A Math App that Offers an Unusual Human Touch, was written by their columnist, Kenneth Chang who is also a Thinkster member.Today The New York Times featured Thinkster Math (previously Tabtor Math) in their STEM column which covers developments in science, technology, engineering and mathematics. The article titled
Kenneth doesn’t shy away from the truth about Thinkster:
“I have been a paying customer of Thinkster since October, for two of my children: Kelvin, a fifth grader, and Rosalind, a third grader. It is not a panacea. “I hate Thinkster,” Kelvin will say when frustrated by a problem”
We’ve all had that feeling of hating a task that has frustrated us, and that’s where using a coach becomes a great way of working through the frustrations. Read this blog from a Thinkster member whose son developed the love of math with Thinkster. We all learn best when challenged to the right level, where the task at hand is not so easy that it is boring and is also not so challenging that you never hope to solve it. Targeting the learning at that “just right” level, at the edge of our comfort zone, does lead to a certain level of discomfort, so it’s our role as coaches to help students rise to the challenge.
Kenneth does go on to say in his New York Times column:
“But I still have found it much better than other options, including websites that offer plenty of practice problems but no feedback or guidance.”
Thinkster coaches support students through the tricky, frustrating patches. In addition to the built-in video tutorials, coaches can provide corrections or worked solutions, introduce easier worksheets and encourage students through face to face Skype or FaceTime conferences. Since students come to Thinkster with different learning styles, different learning gaps and work at different paces, our coaches are constantly personalizing each student’s learning plan.
As another Thinkster member, Anna Hinton told us:
“Perhaps the most valuable aspect of Thinkster is that it allows the child to take ownership and control over their own learning and development. When using Thinkster, the student plays a vital role in helping to design their own learning experience, talking to and providing feedback to their instructor about likes, dislikes, challenges and successes. On the other hand, for our son—surprisingly—the most valuable aspect has not proven to be the rewards offered, but rather the opportunity to assess his own progress with the immediate graphing of performance data after the completion of each worksheet. At six year olds, this child is excited about identifying trends in his performance with the worksheets—areas of strength and needs for improvement, both in terms of the actual content and completion time.”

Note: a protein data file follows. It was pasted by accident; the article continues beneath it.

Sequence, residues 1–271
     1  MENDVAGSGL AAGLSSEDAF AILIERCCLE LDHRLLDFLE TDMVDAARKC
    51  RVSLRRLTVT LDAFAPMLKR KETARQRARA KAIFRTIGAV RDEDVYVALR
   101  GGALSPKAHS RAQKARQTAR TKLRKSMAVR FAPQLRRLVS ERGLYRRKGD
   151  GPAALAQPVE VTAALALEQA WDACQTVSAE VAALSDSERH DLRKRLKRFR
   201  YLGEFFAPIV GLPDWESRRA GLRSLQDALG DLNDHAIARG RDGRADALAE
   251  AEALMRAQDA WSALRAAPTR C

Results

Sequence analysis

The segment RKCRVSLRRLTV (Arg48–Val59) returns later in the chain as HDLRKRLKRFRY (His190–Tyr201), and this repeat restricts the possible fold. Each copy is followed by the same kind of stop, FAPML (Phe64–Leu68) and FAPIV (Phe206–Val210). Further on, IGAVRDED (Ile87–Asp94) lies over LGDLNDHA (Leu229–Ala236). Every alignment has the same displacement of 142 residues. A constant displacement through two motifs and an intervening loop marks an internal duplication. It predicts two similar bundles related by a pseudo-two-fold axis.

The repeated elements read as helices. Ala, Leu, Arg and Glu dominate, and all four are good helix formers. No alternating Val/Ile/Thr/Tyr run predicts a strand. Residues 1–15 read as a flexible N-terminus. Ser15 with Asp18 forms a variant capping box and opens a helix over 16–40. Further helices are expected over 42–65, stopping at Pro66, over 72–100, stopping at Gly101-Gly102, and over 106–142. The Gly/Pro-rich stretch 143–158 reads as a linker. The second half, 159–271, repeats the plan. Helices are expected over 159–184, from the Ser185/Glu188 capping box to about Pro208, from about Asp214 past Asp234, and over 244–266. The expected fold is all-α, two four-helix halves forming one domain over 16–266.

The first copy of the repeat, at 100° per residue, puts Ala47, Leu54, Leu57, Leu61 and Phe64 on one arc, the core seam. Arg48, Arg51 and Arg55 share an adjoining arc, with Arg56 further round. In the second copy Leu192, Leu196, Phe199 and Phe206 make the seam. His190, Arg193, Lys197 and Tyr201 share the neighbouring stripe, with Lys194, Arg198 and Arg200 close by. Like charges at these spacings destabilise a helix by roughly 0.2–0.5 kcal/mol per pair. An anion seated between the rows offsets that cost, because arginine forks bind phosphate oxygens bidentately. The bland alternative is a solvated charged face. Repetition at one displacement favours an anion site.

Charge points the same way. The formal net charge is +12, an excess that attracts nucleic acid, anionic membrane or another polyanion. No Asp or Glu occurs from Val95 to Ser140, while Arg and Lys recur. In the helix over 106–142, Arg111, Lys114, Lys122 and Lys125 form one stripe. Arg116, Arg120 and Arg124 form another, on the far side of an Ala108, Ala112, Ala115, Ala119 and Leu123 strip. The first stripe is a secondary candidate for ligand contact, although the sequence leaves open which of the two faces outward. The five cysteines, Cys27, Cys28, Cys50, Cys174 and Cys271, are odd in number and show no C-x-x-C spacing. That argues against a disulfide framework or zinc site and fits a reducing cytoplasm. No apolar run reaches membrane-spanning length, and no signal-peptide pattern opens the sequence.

As a coach, offering that “Human Touch” to Thinkster’s international students (we currently have students in all 5 main continents), I see my role as being my students’ coach and removing some of the pressure from parents who are supporting their children’s math learning.
Thinkster as an Alternative
We have great respect for our “competitors” in the supplementary math education field. IXL, Kumon, Khan Academy to name a few, are all helping students with math. However, Thinkster comes to the math education arena with a unique mix of mobile technology, a full curriculum and a dedicated, experienced tutor whose aim is to guide students through this important subject.
Over the weeks and months, our students are gaining a huge amount of math knowledge, as well as strengthening their existing knowledge. The New York Times article discusses how Thinkster has worked with students in schools:
“Students took a skills assessment at the beginning of the school year, and then the same test again in March. The first graders, for example, got about 30 percent of the answers right the first time and 90 percent the second time, in March.”
Our coaches see similar improvements every week with our students who are using Thinkster as a supplementary program.
Thinkster as a solution
Overall, Thinkster’s technology, our coaches and our in-built rewards are there to celebrate students’ achievements when they find the learning easy and also to support and coach students through the tough math concepts.